Participants in the NYBCS were identified from 12 major cancer centers in the New York metropolitan area between 1996 and 2000, as previously described.5 Participants were women experiencing their first diagnosis of invasive breast cancer who identified themselves and all 4 grandparents as Ashkenazi Jewish. Eligible women were invited to participate regardless of age at diagnosis, family history, or prior genetic testing, which was still infrequent when these patients were enrolled. Patients provided pedigree information, permission to review records of pathologic findings for their breast cancer, and a blood sample for extraction of DNA. Of the 1007 index cases in the NYBCS, 987 (98.7%) requested information about their original genetic results and were provided this information by us in consultation with their hospital’s genetic counselors. Participants also gave consent for their DNA to be used for future studies of breast cancer genetics, as better sequencing technology became available. Some participants requested that their identifying information remain with their sample so that they or their family could be informed of results of future genetic testing; others agreed to the use of their DNA with basic risk factor information retained, but with their identifying information removed. The NYBCS was approved by the institutional review boards of the participating hospitals and by the University of Washington. Patients provided written informed consent.
For the present project, DNA extracted from blood was sequenced using BROCA, a targeted capture and massively parallel sequencing test developed at the University of Washington.8 For this project, we created a version of BROCA specifically targeting 23 established and candidate breast cancer genes: BRCA1, BRCA2, ATM (GenBank NM_000051), ATR (GenBank NM_001184), BAP1 (GenBank NM_004656), BARD1 (GenBank NM_000465), BRIP1/FANCJ (GenBank NM_032043), CDH1 (GenBank NM_004360), CHEK1 (GenBank NM_001114122), CHEK2 (GenBank NM_007194), FAM175A/ABRAXAS (GenBank NM_016067), FANCM (GenBank NM_020937), MRE11A (GenBank NM_005590), NBN (GenBank NM_002485), PALB2/FANCN (GenBank NM_024675), PTEN (GenBank NM_000314), RAD51B (GenBank NM_133509), RAD51C (GenBank NM_058216), RAD51D (GenBank NM_002878), RINT1 (GenBank NM_021930), SLX4/FANCP (GenBank NM_032444), TP53 (GenBank NM_000546), and XRCC2 (GenBank NM_005431). Sequencing results were aligned to human reference genome hg19. Variants were identified after realignment of insertion-deletion variants (indels) and base quality recalibration. Single nucleotide variants, small indels, and copy number variants were identified as previously described.9 The consequences of mutations near splice junctions were tested in RNA isolated from patients’ blood. Missense mutations were included only if they were proven experimentally to be damaging, either as part of this project or previously. Data analysis was performed from July 10, 2014, to March 10, 2017. Allele frequencies were compared by 2-tailed χ2 tests, Mantel-Haenszel tests for linear trend, or Fisher exact tests, as appropriate.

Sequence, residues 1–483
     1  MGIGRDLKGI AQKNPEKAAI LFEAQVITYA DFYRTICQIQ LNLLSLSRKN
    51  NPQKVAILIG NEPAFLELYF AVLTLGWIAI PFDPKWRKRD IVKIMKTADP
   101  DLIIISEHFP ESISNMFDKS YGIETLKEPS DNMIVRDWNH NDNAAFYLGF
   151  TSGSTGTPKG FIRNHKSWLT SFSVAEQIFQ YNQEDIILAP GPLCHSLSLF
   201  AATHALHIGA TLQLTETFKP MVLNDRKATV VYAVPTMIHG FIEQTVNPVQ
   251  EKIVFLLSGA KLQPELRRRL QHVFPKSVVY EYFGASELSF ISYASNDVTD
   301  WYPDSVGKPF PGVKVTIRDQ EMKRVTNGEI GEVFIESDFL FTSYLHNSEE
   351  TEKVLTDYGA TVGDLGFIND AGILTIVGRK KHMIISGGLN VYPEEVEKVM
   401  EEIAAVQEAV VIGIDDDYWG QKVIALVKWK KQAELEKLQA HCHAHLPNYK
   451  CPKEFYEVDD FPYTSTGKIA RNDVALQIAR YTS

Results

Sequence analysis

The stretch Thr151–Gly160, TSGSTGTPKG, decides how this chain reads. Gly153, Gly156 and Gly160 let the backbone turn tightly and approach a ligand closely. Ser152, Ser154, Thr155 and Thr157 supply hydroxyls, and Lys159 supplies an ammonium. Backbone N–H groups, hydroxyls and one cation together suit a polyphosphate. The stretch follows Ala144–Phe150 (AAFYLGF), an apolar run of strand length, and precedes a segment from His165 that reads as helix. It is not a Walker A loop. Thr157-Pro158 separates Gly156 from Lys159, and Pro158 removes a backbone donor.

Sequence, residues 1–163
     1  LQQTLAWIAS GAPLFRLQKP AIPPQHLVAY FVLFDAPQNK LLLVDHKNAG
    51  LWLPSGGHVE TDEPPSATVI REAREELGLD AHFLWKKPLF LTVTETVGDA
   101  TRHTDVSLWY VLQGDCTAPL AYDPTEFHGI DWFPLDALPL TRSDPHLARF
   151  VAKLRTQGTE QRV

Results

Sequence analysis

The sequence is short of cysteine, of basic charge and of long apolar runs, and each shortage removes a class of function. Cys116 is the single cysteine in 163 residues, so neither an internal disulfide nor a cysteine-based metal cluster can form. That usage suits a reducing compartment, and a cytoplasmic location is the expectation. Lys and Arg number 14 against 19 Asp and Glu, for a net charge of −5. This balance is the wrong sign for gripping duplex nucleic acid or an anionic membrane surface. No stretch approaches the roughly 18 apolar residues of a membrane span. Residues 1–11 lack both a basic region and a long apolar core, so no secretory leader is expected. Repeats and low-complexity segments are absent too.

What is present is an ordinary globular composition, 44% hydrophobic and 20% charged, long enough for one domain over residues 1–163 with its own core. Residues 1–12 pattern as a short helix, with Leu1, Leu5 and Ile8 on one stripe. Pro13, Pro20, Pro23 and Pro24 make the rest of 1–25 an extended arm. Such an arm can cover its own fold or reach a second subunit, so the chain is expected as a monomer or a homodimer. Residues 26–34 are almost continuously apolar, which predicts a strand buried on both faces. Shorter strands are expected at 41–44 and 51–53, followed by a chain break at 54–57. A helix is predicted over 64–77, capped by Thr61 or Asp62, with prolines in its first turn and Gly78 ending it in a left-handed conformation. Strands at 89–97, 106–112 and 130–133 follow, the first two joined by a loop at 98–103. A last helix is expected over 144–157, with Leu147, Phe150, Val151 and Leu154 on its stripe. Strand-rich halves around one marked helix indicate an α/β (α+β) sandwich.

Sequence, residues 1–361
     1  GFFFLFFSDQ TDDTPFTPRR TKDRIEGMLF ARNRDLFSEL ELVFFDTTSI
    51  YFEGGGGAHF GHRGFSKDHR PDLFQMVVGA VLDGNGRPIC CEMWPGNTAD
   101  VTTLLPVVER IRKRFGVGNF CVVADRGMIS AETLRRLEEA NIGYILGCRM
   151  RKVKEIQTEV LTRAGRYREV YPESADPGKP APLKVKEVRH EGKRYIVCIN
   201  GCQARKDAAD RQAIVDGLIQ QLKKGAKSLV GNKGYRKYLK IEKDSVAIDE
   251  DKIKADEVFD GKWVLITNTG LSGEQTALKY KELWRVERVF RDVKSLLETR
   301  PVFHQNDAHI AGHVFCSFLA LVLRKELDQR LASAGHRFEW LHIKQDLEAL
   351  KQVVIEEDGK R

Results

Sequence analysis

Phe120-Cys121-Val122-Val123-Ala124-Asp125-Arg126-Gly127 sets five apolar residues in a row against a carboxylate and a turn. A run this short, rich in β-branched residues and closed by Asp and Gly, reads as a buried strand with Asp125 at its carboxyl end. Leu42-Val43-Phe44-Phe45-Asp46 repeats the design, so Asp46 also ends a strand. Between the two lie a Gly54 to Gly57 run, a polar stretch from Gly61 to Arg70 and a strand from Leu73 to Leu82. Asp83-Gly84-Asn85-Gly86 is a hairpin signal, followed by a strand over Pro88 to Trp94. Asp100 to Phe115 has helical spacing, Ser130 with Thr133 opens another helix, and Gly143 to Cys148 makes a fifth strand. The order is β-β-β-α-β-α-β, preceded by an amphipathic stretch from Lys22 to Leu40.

The clinical characteristics for the NYBCS cohort are provided in Table 1. As previously reported,6 patients carrying one of the founder mutations in BRCA1 or BRCA2 were younger at diagnosis (mean [SD] age, 46.7 [10.7] years, vs 53.8 [11.1] years) and more likely to have a family history of breast or ovarian cancer (76 of 104 [73.1%]) than were patients with no founder mutation (519 of 903 [57.5%]).
Of the 903 patients with none of the 3 founder mutations in BRCA1 or BRCA2, 7 (0.8%) carried a different pathogenic mutation in BRCA1 or BRCA2 and 31 (3.4%) carried a damaging mutation in another breast cancer gene (Table 2). Of the 7 mutations in BRCA1 or BRCA2, 1 (BRCA2 c.8635del5) has not been previously reported, and therefore may be private, and the other 6 have been reported as rare alleles in non-Jewish populations.10-12 Family history was suggestive for only 4 of the 7 BRCA1 or BRCA2 mutation carriers. The frequencies of these other BRCA1 and BRCA2 mutations were higher among patients diagnosed before 40 years of age (2 of 68 [2.9%]) compared with those diagnosed at 40 to 49 years of age (3 of 285 [1.1%]), 50 to 59 years of age (1 of 283 [0.4%]), or 60 years of age or older (1 of 267 [0.4%]) (P = .03, determined by use of the Mantel-Haenszel test).
Of the 32 patients with a damaging mutation in another breast cancer gene, 29 were in CHEK2, and there was 1 each in BRIP1 and NBN (Table 2). Of the 29 CHEK2 mutations, 24 were CHEK2 p.S428F, previously identified as an Ashkenazi Jewish founder allele that increases breast cancer risk 2- to 3-fold13; 4 were CHEK2 c.1100delC, and 1 was CHEK2 c.444(+1)G>A, both of which appear widely in Europe. Combined frequencies of mutations in these genes were somewhat, although not significantly, higher among patients diagnosed before 60 years of age (25 of 636 [3.9%]) than at 60 years of age or older (6 of 267 [2.2%]; P = .20), and among patients with a first-degree relative with breast cancer (14 of 295 [4.8%]) compared with those with no such family history (17 of 608 [2.8%]; P = .10) (eTable in the Supplement).
One patient who carried BRCA1 185delAG and 1 patient who carried BRCA2 6174delT also carried CHEK2 p.S428F. The ages at diagnosis of these 2 patients were 34 and 36 years, respectively, among the youngest carrying one of the founder alleles. No clearly pathogenic mutations were found in any other sequenced gene, and no damaging copy number variants were found in any gene.